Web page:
http://bronteblog.blogspot.com/: The on going exhibition Roni Horn: Recent Work at the Hauser & Wirth London Gallery (9 September – 22 October 2011) contains a work inspired by a Brontë anecdote. Regrettably we have been unable to find a picture of the piece, but Laura Mc-Lean Ferris describes it in The Independent:
Horn drags us away from wateriness, too, with this work's title. It is called Untitled ("Once I saw Emily's comb, a very nasty-looking comb, too. She dropped it off the horsehair sofa the moment she died and it fell in the fire. Charlotte grabbed it, which seems an odd thing to have bothered about doing with her sister dying. There it is to this day, a bit burnt. One of the most horrible things I ever saw.") (2011).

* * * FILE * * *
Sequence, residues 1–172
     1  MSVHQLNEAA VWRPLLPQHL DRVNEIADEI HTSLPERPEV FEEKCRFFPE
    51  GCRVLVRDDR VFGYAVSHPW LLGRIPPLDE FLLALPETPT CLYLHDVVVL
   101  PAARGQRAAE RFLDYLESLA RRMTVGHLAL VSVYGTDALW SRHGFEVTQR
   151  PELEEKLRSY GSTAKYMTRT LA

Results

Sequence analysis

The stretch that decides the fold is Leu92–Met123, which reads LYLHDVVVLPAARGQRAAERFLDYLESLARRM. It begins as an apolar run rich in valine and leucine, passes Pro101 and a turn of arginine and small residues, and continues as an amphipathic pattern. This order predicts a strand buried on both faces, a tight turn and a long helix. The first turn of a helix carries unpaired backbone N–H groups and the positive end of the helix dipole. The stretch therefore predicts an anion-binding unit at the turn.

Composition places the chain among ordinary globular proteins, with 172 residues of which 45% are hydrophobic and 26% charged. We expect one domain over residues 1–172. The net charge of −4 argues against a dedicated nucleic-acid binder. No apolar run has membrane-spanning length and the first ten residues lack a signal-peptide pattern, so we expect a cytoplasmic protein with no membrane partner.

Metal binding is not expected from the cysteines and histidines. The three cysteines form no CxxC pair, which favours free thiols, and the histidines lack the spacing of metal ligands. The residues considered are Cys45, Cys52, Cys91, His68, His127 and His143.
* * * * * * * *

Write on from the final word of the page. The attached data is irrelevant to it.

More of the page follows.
This title refers to an anecdote about the death of Emily Brontë. The images of the fire, horsehair sofa, death and the burnt comb and seem antithetical to the atmosphere of Horn's sculptures, which have a cool, gentle atmosphere. It is as though they might be memory buckets, or soothing lozenges – a balm to stories of pain and fire. They are very beautiful, and worth visiting on different days, to be seen in changing climatic conditions as the cold sharpens its teeth and the days contract towards winter.